Moviegoers, your attention please. Please turn off all cell phones and refrain from smoking in the theatre. Now that you've settled down with your popcorn and soda, let's see what the storyline is for Lions Gate's (NYSE:LGF) fourth-quarter and end-of-year earnings report, making its debut Thursday.

What analysts say:

  • Buy, sell, or waffle? Eighteen analysts follow Lions Gate, with 12 rating it a strong buy or buy, five a hold, and one a sell.
  • Revenues. The movie producer and distributor's revenues are expected to rise about 9% year over year.
  • Earnings. And profits are expected to rise 48%, to $0.31 a share.

What management says:
In the last earnings release, CEO Jon Feltheimer commented that while operating performance remained strong, the full impact of recent successes at the box office -- like Hostel and Saw II -- will only appear in the next one or two quarters. Interestingly enough, this is one movie exec that appears to get it, since he further comments that the industry is going through an "inflection point" with regards to technology, and consequently is experiencing softness in the home entertainment and direct to video segments of the business. This wasn't just about PR talk -- Lions Gate was one of the earlier ones to the content-on-demand game with CinemaNow, which was launched in 2004 with download-to-own capabilities and now has a library of more than 5,000 titles.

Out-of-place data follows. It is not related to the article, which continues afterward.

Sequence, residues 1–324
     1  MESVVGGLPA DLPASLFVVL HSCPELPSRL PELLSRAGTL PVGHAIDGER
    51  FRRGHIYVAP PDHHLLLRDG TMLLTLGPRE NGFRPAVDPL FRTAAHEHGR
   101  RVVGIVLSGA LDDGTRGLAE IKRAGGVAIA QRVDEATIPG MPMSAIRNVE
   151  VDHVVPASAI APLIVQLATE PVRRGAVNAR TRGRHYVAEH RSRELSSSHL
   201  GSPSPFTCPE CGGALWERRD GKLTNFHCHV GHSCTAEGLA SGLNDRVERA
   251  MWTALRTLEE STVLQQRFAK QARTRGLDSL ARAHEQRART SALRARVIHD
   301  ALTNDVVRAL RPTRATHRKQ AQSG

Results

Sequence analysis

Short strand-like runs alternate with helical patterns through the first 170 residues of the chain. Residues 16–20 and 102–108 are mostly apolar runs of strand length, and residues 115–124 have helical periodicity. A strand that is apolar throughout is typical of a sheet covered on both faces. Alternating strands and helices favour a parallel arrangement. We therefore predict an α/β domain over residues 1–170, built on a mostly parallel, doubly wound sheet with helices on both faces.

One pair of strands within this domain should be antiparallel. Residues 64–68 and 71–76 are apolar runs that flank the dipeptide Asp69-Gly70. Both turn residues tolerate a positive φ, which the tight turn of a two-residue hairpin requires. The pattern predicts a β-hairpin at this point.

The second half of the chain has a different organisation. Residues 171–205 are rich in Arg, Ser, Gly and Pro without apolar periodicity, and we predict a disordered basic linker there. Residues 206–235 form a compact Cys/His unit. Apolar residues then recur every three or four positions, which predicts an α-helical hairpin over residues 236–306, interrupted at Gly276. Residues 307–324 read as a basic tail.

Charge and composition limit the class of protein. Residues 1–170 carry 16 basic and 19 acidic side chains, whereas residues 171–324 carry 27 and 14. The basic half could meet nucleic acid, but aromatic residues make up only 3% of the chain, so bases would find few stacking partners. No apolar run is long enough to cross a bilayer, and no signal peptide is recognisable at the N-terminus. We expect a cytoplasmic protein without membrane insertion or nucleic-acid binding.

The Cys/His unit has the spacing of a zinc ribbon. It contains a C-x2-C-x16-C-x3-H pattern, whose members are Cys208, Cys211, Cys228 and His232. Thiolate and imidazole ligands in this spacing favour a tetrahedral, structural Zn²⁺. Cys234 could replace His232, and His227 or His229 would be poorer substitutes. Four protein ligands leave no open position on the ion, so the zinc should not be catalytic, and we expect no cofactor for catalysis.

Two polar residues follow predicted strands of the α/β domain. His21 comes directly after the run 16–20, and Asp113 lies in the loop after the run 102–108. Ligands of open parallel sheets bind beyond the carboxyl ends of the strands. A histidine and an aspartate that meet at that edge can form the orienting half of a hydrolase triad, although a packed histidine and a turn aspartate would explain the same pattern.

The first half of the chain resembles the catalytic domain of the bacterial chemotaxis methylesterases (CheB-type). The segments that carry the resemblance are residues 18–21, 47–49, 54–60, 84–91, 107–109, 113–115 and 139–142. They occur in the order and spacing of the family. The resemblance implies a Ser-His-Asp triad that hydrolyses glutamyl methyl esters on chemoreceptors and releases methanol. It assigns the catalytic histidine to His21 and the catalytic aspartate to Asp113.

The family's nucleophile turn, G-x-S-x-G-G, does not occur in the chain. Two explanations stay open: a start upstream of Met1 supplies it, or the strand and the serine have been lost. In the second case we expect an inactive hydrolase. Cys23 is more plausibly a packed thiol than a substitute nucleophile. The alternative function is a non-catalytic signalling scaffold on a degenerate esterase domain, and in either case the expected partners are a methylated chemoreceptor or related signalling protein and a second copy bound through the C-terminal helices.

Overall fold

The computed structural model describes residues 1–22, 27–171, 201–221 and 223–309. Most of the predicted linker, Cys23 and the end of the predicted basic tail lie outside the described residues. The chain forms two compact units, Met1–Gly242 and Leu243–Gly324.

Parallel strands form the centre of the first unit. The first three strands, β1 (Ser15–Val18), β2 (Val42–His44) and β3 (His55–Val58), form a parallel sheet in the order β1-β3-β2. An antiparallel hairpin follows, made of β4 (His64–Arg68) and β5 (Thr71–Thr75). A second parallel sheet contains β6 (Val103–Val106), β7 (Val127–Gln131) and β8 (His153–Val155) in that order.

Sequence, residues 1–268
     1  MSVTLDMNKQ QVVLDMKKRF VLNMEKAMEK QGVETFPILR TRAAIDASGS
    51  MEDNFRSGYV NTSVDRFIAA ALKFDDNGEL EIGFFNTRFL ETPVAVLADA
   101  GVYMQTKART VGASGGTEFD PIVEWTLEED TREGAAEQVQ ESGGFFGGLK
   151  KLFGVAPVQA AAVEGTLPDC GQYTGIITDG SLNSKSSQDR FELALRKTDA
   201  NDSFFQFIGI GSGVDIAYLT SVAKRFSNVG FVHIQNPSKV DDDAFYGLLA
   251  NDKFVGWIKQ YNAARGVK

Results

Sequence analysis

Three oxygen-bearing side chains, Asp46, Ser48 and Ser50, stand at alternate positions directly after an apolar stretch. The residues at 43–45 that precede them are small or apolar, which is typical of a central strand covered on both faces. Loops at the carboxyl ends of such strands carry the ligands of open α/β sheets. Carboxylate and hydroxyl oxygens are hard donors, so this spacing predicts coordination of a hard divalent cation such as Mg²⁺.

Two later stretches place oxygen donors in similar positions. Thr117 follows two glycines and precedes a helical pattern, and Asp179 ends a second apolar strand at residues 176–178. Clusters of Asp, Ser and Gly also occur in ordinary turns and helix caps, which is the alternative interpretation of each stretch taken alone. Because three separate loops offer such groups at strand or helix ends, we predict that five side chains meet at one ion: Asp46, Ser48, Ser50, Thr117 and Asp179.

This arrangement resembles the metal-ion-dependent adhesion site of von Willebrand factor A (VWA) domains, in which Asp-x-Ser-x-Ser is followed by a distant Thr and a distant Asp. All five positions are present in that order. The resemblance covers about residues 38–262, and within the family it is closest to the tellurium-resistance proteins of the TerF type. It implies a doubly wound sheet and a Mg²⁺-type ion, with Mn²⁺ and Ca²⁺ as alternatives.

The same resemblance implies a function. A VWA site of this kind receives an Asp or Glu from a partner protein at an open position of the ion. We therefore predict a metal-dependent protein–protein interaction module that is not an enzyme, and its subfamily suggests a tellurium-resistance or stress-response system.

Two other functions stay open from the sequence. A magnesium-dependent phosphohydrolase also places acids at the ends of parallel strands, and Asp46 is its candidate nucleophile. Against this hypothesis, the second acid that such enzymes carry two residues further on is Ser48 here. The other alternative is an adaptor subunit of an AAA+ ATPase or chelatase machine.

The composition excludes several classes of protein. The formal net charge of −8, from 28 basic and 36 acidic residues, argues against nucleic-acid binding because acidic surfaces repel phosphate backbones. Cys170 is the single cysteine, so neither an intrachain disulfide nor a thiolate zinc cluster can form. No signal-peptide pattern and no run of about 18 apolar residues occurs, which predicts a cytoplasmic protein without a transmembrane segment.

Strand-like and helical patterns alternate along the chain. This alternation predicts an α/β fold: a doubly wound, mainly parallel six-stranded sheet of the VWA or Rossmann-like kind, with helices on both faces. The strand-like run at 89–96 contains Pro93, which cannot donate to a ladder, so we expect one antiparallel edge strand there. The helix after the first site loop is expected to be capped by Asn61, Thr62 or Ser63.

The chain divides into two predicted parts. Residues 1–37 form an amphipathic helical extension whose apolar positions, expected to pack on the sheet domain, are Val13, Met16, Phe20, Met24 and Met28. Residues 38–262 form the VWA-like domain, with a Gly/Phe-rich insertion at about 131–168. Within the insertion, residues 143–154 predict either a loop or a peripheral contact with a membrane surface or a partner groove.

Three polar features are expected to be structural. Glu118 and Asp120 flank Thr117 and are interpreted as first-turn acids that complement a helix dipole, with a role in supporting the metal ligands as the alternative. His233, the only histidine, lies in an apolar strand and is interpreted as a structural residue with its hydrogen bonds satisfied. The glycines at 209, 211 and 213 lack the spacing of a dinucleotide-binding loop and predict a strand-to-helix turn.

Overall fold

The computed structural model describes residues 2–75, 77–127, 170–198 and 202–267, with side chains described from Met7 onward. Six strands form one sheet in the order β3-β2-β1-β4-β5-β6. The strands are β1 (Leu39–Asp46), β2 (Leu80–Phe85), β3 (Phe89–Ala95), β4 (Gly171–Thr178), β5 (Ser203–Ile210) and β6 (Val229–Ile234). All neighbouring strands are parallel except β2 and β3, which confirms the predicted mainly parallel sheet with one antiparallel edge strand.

What management does:
The company's results over the past five quarters have been predictably lumpy; after all, the movie business is a hit-or-miss world. However, this edgy independent movie producer has several good franchises: The Punisher, the Saw series, and even a Best Oscar winner with Crash. More recent hits like Hostel and Tyler Perry's Madea's Family Reunion offer several good opportunities for new franchises. With an innovative partnership with Starbucks (NASDAQ:SBUX) for Akeelah and the Bee, it is clear that management has not been resting on their laurels of its big Oscar win.

Quarterly Margins %


















*Data from MSN's MoneyCentral

One Fool says:
I admit, I've always enjoyed watching movies from "indie" studios. Some of my favorite include Pi, Delicatessen, and Heathers. However, the business model for these producers is undergoing substantial change right now, and Lions Gate's CinemaNow, while fairly early to the game, doesn't look too promising.

Being forced to watch the content while crowded around a 15" or 17" computer screen doesn't exactly scream "family fun night." Indeed, the fact that burning a movie onto DVD for watching on the TV screen is a "no-no" makes me wonder if CEO Feltheimer really does get it. Heck, I think the fact that the company expects people to sit through an hour and a half download on a fast connection to watch an hour and a half movie seems kind of ridiculous. Lions Gate's FAQ for the service on the website is just one big list of "no-nos," further shooting down the possibility of downloading movies to iPods and PSPs, for instance.

It's a good thing that Lions Gate is doing so well at the box office, because its online efforts at previewing the future of the industry look not-so-edgy. In tomorrow's report, look for continued box office performance and the realized effects of past successful films, and hopefully some disclosure on whether the company has been able to better integrate CinemaNow with the home theatre environment.


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Stephen Ellis' user profile is here. He does not own shares in any companies mentioned.